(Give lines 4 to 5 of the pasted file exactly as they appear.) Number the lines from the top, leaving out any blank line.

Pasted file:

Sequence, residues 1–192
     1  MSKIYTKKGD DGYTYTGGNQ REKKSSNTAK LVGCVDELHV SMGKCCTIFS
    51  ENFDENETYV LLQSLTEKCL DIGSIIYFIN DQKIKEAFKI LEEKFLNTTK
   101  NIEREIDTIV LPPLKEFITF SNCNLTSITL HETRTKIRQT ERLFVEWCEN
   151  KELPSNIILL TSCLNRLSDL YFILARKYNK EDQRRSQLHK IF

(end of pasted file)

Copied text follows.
   101  NIEREIDTIV LPPLKEFITF SNCNLTSITL HETRTKIRQT ERLFVEWCEN
   151  KELPSNIILL TSCLNRLSDL YFILARKYNK EDQRRSQLHK IF